If someone gave you $30,000 how would you use the money?: 

We would use it for investment into new IT tools and web tehcnology to support civic oversight and activism. We would also like to support the team and start up self-financing activities or secure strategic development. With such a good base a chance of a sustainable long term watchdog would be easier to imagine.

What are your plans for 2010 and 2011?: 

Elections are coming up over here in June 2010. We have to assess the needs of society after the elections, our own situation, and concentrate on finding ways toward financial and organisational sustainability – very soon we will face a financial crisis in the organisation.


I am really impressed with

I am really impressed with Zuzana's attitude and the approach they have taken here - aiming to establish direct relationship with governing bodies, as well as exercising pressure on them. I think trough this approach even the problem with lack of public engagement can be addressed easier, as the results become apparent. Zuzana is creating an image of a transparent MP opposing those, who are not willing to cooperate, giving people engaged in governance an additional - and potentially very powerful tool - to achieve their private aims, i.e. more votes.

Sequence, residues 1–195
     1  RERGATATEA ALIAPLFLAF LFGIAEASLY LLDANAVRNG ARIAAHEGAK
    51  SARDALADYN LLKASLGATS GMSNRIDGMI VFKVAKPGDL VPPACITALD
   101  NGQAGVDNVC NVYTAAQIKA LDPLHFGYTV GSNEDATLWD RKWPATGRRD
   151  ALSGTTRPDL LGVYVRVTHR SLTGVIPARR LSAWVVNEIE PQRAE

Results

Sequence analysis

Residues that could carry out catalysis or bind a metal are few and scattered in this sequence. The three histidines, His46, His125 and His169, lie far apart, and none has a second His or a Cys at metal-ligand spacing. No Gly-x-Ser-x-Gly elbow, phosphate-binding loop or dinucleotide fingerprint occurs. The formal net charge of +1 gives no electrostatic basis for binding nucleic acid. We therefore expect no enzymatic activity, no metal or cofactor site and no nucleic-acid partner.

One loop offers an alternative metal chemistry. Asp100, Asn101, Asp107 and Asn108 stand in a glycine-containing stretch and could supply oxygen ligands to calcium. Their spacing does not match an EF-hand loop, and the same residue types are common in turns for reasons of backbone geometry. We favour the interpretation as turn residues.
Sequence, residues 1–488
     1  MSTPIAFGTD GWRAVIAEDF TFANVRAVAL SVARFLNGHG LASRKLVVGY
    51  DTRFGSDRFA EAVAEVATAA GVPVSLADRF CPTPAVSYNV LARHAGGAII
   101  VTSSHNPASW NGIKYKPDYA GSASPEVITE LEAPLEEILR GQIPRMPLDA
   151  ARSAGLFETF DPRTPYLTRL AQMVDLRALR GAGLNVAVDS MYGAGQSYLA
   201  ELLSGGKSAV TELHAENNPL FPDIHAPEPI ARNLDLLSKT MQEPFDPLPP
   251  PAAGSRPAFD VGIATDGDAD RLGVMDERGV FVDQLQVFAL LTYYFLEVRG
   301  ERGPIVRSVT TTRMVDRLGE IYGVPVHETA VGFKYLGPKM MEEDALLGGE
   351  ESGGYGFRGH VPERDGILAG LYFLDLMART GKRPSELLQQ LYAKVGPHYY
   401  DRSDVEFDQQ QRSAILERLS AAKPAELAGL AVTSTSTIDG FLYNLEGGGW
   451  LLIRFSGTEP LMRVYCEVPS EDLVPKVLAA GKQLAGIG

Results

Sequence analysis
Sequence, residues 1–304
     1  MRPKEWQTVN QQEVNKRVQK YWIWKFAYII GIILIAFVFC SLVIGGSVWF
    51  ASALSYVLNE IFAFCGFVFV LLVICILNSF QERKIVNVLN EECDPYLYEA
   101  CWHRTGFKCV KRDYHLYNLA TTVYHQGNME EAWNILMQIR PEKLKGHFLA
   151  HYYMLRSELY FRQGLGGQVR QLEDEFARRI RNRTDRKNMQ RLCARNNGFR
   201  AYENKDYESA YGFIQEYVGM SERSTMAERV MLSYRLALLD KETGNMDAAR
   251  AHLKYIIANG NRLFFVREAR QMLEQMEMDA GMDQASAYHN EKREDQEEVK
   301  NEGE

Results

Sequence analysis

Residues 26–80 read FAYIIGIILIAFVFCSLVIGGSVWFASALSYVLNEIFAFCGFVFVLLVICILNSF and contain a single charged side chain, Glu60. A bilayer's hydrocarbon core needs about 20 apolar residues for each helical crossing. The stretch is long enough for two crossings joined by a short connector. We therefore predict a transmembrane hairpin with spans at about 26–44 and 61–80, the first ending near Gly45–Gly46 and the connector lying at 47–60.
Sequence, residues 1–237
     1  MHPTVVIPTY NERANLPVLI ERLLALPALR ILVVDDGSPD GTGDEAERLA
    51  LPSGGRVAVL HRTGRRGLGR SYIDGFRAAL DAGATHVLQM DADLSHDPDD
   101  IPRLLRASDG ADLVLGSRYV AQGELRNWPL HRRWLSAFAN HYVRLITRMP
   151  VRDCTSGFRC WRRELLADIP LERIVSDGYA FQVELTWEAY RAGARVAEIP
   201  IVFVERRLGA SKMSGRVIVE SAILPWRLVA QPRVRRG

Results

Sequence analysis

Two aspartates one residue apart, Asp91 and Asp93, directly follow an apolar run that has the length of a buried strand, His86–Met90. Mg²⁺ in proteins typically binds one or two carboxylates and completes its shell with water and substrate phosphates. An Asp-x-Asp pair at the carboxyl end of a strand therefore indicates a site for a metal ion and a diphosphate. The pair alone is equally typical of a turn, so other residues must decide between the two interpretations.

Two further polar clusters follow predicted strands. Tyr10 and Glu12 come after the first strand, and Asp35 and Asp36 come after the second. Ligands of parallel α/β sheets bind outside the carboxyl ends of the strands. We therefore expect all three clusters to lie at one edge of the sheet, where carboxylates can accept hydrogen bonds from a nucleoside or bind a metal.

Great example of direct action and work for government accountability with those who will be able to improve the laws themselves in near future.
I think the work towards a change with part of society directly involved, but in many cases the least supportive too is the most challenging aspect of any action of this type. I really hope that other transparency projects will establish co-operation with Fair-Play Alliance to learn from their experiences.